“Ultimately, it’s about winning and that played a huge factor in me coming to Calgary,” Kadri said. “The time is now and it certainly can be close with the moves we’ve made and me hopping on board.”

The 31-year-old Kadri had 87 points (28 goals, 59 assists) in 71 games for the Avalanche in 2021-22. He added 15 points in 16 playoff games, including the overtime winner in Game 4 of the Stanley Cup final against Tampa Bay.

That was his return to action after being injured in Game 3 of the Western Conference final after being hit from behind by Edmonton forward Evander Kane.

Kadri’s addition capped a wild off-season for the Flames that saw star forward Johnny Gaudreau walk away in free agency.

The Flames’ leading scorer last season (115 points), and a finalist for the Hart Trophy as league MVP, Gaudreau informed the Flames before the start of the free agency period that we would not be re-signing with the Flames in a desire to move closer to home.

The New Jersey native signed a seven-year, $68.25-million contract with the Columbus Blue Jackets when free agency opened on July 13,.

Calgary was then informed that forward Matthew Tkachuk, who had a breakout season with 42 goals and 104 points, would not sign a contract extension after the upcoming season.

What looked like a potential nightmare for Calgary started to turn around when the Flames dealt Tkachuk to Florida for a package that included forward Jonathan Huberdeau, who had 115 points last season, and defenceman Mackenzie Weegar.

The Flames then locked up Huberdeau long-term with an eight-year, $84-million contract extension.

“It’s alarming to anybody when you lose players of that magnitude,” Kadri said. “But I think Brad (Flames GM Brad Treliving) has done a great job getting some return and valuable players.”

This is not the first time the Flames have tried to add Kadri to their roster. The Flames attempted to acquire him from the Toronto Maple Leafs in 2019, but Kadri used the no-trade clause in his contract to veto the deal. Kadri was then traded to the Avalanche on July 1, 2019.

“I didn’t see myself leaving (Toronto),” Kadri said about the situation. “That had nothing to do with the city of Calgary or the organization, I just wanted to stay where I was.

“It’s important for me to clarify that. I think it’s important because I’ve always admired the city of Calgary and Canada in general. I’m a Canadian boy. I love playing in Canada but it’s certainly ironic, but it was always a team that was on my radar.”

Kadri was selected seventh overall by Toronto in the 2009 NHL draft and has 512 points (219 goals, 293 assists) in 739 career games with the Maple Leafs and Colorado.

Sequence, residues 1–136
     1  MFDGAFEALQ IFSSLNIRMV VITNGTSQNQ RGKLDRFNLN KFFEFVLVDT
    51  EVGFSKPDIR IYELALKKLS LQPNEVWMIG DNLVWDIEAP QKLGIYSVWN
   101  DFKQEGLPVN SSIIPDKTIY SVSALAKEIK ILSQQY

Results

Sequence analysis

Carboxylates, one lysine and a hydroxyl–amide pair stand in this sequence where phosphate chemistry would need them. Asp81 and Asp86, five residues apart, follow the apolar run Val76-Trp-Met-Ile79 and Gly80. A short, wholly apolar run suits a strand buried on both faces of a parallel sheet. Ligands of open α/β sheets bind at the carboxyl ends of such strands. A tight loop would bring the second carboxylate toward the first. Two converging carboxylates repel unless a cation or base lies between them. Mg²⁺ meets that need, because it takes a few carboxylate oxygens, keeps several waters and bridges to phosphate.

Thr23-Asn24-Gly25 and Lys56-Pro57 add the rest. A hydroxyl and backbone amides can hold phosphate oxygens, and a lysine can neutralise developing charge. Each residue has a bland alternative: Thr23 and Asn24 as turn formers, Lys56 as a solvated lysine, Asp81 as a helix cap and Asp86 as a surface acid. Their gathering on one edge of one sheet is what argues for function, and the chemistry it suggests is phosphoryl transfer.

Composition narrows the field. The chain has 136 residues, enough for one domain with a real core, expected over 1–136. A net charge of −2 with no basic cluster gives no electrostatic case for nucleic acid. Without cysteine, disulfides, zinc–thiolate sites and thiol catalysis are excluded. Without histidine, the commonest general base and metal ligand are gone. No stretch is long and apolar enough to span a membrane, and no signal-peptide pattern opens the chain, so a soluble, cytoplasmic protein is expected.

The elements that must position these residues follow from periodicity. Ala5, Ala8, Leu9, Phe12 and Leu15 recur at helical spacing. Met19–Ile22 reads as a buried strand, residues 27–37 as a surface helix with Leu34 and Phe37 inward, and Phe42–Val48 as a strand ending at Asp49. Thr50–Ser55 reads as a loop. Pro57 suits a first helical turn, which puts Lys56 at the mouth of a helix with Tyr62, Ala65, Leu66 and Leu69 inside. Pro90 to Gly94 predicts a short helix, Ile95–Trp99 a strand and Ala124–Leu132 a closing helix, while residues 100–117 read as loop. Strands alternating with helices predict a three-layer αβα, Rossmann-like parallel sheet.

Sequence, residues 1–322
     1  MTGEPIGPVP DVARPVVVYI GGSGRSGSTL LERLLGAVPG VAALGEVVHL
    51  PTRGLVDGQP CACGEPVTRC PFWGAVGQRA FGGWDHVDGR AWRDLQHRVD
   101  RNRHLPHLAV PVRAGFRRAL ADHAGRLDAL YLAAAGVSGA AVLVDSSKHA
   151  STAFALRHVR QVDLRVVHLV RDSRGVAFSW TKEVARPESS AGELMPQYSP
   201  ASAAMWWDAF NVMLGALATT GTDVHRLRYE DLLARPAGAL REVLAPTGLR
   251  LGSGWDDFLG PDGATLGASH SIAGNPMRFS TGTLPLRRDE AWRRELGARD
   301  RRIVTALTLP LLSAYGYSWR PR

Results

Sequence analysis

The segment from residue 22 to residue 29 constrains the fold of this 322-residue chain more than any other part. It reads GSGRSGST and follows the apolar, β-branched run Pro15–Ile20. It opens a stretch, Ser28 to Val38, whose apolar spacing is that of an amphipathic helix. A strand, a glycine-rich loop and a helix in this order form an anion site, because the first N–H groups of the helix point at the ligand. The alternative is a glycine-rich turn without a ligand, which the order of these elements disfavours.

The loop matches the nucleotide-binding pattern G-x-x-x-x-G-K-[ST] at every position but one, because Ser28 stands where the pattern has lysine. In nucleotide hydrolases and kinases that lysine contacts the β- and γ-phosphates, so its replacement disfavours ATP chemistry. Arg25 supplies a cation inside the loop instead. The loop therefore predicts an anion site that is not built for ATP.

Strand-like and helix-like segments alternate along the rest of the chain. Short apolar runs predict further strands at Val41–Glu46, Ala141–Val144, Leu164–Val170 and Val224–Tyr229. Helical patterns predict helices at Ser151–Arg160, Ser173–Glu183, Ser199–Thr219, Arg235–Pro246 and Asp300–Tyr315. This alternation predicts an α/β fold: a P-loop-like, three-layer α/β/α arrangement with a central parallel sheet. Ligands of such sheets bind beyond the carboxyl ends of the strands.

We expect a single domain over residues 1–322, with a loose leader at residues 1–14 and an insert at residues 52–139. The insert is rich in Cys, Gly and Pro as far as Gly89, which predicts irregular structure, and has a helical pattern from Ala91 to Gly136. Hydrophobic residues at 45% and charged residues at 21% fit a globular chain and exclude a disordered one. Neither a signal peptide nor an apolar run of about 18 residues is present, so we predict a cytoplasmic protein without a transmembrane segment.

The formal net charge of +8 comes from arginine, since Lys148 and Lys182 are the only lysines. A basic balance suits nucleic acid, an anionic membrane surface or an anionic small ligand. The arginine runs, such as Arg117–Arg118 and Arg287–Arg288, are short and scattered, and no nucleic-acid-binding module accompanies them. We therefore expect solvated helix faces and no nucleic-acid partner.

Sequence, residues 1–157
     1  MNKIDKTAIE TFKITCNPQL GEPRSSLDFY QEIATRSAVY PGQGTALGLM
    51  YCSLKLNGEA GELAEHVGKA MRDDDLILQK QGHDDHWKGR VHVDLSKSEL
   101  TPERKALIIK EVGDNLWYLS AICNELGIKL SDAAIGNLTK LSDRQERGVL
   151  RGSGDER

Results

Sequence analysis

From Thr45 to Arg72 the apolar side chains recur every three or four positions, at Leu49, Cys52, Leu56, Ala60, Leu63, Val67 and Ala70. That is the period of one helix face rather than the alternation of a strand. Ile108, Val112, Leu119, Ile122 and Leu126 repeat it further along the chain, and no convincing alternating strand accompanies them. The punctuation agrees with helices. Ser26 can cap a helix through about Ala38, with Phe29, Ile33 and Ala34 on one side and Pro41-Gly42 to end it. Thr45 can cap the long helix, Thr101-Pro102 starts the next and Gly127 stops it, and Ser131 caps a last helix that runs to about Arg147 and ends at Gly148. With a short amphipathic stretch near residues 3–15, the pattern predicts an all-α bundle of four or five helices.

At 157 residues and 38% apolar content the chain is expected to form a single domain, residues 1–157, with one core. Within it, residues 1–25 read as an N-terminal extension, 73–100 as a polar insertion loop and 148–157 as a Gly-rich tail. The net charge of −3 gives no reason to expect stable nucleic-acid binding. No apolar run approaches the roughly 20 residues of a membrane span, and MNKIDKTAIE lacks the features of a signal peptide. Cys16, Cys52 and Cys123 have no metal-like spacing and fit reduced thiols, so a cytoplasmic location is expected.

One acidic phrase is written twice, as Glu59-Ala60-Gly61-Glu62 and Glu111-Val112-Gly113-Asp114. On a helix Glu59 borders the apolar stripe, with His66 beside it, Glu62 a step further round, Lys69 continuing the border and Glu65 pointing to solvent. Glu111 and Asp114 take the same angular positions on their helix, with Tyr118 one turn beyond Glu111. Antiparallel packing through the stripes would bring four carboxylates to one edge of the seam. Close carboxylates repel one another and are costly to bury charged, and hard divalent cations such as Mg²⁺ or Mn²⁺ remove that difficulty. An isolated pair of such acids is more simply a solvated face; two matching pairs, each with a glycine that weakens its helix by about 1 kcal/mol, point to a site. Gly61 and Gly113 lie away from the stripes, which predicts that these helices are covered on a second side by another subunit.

The London, Ontario native has yet to have his day with the Stanley Cup, but his plans include taking it to his hometown.

He also said he’s going to bring it to Toronto, where he spent his first eight NHL seasons.

“I’ve done a lot of growing up in that city as well and there’s been lots of supports of mine there,” he said.
This report by The Canadian Press was first published Aug. 19, 2022.

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Alberta

Reports: Flames closing in on signing UFA forward Nazem Kadri

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The Calgary Flames are closing in on a deal to sign unrestricted free agent Nazem Kadri, according to multiple media reports.

Sportsnet reported the deal is for seven years at US$7 million per season.

The Flames, according to Sportsnet and TSN, are moving forward Sean Monahan to the Montreal Canadiens to create salary cap space for Kadri’s contract. Details of that trade have not been released.

The 32-year-old Kadri was one of the biggest names available in free agency after an All-Star season with Colorado that ended with the Avalanche winning the Stanley Cup.

Kadri had 87 points (28 goals, 59 assists) in 71 games for the Avalanche in 2021-22.

He added 15 points (seven goals, eight assists) in 16 playoff games, including the overtime winner in Game 4 of the Stanley Cup final against Tampa Bay. That was his return to action after being injured in Game 3 of the Western Conference final after being hit from behind by Edmonton forward Evander Kane.

Kadri’s signing would be the latest chapter of a chaotic off-season for the Flames.

Calgary lost leading scorer and Hart Trophy candidate Johnny Gaudreau to the Columbus Blue Jackets early in free agency, then was informed that star forward Matt Tkachuk would not sign a contract extension after the upcoming season.

The Flames dealt Tkachuk to Florida for a package that included forward Jonathan Huberdeau, who had 115 points last season, and defenceman Mackenzie Weegar.

The Flames then locked up Huberdeau long-term with an eight-year, US$84-million contract extension.

Monahan, selected sixth overall by the Flames in the 2013 NHL Entry Draft, has played nine seasons in Calgary. The three-time 30-goal scorer tallied just eight goals and 15 assists for 23 points in 65 games last season.

This report by The Canadian Press was first published Aug. 18, 222.